To control the permissions and still provide the users with the ability to contribute, or submit new ideas, on the list, either the default permission level can be modified or a new fine-grained permission level can be created. SharePoint permission levels are predefined sets of permissions that allow the users or groups to perform certain action on a site, list/document library, folder, or a list item/document. Permission levels can be modified either at a Web Application level or created/modified at a Site Collection level.
By default, a Site Collection has permission levels such as “Full Control,” “Contribute,” and “Read.” These permissions can be modified to a fine-grained permission level or new permission levels can be created. These permission levels will be available within any sub-site list/document library, folder, and list item/document of the Site Collection where they are created. It is recommended that the existing permission is not modified unless it is made certain that no site, list, or list item inherits that specific permission level.
By default, permissions levels are inherited within a site; however, once a new permission level is applied to a list, the inheritance is broken. All the other site permissions remain intact and unchanged. In the example, the “Dream Bigger” list has a modified permissions level and all the folders and items within this list will automatically inherit the new permission level.
The Web Application permission levels can be modified within the Central Administration (Central Administration > Application Management > User Permissions for Web Application). In this example, you will walk through creating a new permission level for a Site Collection.
- Go to the top level site of the Site Collection and click on Site Actions > Site Settings.
Figure 12: Site Actions menu
- In the Site Settings page, click on the Advanced Settings under the Users and Permissions section.
- Click on Settings and Permission Levels.
- Click on Add Permission Level.
- Type in the name for the new Permission Level.
- Select the permissions that you would like to provide. In the example, this will be same as “Contribute” permissions except that you will uncheck Delete Items in List Permission section and Manage Personal View in the Personal Permissions section.
- Click Create.
- The new permission level will be displayed in the Permission Levels page.
- Now, the “Limited Contribute” permission level can be leveraged in the “Dream Bigger” list. This will allow the users to submit ideas but not allow them to modify existing or create new views. Additionally, users now cannot delete existing submissions, hence protecting the integrity of the list.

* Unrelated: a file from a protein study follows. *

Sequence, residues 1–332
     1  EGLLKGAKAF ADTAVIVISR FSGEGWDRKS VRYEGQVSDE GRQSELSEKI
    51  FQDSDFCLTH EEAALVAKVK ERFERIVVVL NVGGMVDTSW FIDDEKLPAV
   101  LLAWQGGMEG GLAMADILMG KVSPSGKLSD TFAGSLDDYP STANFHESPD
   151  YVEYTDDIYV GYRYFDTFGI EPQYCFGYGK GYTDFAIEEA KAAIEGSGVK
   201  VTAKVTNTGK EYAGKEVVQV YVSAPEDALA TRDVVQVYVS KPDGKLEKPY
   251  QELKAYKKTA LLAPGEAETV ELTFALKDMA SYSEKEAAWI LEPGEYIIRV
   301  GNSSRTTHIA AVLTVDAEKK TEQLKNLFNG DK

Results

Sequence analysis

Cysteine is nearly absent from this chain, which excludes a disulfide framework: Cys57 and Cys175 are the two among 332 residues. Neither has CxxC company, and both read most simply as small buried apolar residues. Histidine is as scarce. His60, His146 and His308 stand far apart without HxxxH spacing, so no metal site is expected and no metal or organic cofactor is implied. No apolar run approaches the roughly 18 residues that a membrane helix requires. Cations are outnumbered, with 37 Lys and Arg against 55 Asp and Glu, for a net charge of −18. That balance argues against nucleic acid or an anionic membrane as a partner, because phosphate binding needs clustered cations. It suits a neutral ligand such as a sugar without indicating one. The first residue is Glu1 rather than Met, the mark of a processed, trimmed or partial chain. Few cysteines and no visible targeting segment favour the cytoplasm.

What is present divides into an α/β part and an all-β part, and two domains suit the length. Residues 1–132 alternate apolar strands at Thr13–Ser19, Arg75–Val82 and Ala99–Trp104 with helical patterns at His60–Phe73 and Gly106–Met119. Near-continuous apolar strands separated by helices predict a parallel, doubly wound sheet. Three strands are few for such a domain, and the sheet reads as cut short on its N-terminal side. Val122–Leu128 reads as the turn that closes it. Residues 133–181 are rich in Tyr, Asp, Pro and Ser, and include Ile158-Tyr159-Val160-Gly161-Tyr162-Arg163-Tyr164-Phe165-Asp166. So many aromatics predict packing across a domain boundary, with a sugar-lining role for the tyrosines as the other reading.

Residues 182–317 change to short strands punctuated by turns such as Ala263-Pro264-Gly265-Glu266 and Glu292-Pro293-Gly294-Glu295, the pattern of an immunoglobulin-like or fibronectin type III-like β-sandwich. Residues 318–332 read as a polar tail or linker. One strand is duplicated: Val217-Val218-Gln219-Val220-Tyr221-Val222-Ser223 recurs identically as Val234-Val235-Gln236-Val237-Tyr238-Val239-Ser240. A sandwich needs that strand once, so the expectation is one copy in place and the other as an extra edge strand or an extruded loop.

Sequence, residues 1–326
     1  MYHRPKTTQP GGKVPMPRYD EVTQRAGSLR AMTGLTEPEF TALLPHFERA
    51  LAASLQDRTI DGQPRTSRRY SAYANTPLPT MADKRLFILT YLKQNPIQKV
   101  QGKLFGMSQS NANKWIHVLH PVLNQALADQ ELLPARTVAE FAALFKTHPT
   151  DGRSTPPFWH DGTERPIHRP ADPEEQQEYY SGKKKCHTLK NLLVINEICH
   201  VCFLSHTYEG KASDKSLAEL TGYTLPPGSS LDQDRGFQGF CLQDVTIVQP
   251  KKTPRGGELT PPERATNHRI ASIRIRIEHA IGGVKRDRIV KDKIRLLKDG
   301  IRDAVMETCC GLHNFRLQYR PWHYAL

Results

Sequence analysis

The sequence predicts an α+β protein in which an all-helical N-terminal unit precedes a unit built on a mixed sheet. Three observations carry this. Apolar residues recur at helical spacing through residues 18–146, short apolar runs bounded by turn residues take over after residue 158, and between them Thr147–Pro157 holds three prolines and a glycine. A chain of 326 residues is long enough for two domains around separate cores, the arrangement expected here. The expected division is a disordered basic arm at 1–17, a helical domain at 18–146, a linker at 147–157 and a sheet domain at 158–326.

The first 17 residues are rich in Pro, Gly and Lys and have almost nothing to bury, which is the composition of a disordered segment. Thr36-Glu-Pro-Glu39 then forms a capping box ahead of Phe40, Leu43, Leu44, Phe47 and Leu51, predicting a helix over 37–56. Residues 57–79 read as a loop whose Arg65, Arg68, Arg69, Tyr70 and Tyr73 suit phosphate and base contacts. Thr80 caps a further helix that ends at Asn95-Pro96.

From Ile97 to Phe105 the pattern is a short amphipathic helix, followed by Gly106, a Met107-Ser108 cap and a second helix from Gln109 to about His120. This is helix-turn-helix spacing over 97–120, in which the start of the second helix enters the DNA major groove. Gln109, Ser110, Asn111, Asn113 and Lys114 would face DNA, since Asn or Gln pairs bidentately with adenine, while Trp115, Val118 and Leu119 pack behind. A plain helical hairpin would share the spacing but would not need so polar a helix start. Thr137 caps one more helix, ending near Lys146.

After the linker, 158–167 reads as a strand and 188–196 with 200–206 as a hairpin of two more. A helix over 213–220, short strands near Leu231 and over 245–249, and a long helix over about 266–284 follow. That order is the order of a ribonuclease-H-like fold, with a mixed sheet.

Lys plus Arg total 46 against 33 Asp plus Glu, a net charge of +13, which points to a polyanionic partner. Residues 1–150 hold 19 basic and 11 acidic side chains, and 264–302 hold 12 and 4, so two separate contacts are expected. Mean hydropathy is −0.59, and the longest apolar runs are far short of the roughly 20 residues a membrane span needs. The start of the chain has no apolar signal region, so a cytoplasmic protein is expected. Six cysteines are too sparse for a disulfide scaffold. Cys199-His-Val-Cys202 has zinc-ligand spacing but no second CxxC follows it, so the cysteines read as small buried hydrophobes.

Figure 13: Site Settings page
Figure 14: Settings dropdown
Figure 15: Create new Permission Levels page
Figure 16: Permissions Level page with new permission level
Taking It to the Next Level
Now that you have seen how to create permission levels, what happens if the permissions that you would like to provide do not exist in the list of permissions (Step 6 above)? This is where creating permissions by writing custom code would help solve the problem. Creating custom permissions would allow the administrators to further control permissions such as not allowing contributors to view the Site Actions menu on a Publishing Page. Once the permission is created, it can be deployed as a feature and will appear in list of permissions (Step 6 above) for the administrator to choose as a permission level.
Scenario 3: How to Retrieve Custom AD User Vields into SharePoint and View Them in Users’ My Sites
A hospital would like to leverage the current intranet, on SharePoint 2007, to provide the company with pager number and specialty of each doctor. All this information is currently being stored in Active Directory (AD) and there is no direct method for all users to access this database. The hospital is currently utilizing My Sites and can only see the default fields from AD that have been imported when setting the Shared Service Provider (SSP).
The hospital is currently using a list within SharePoint to manage the name, pager number, and the specialty of the doctors. This effort is manual and requires duplication of efforts because the IT Department already manages this in AD.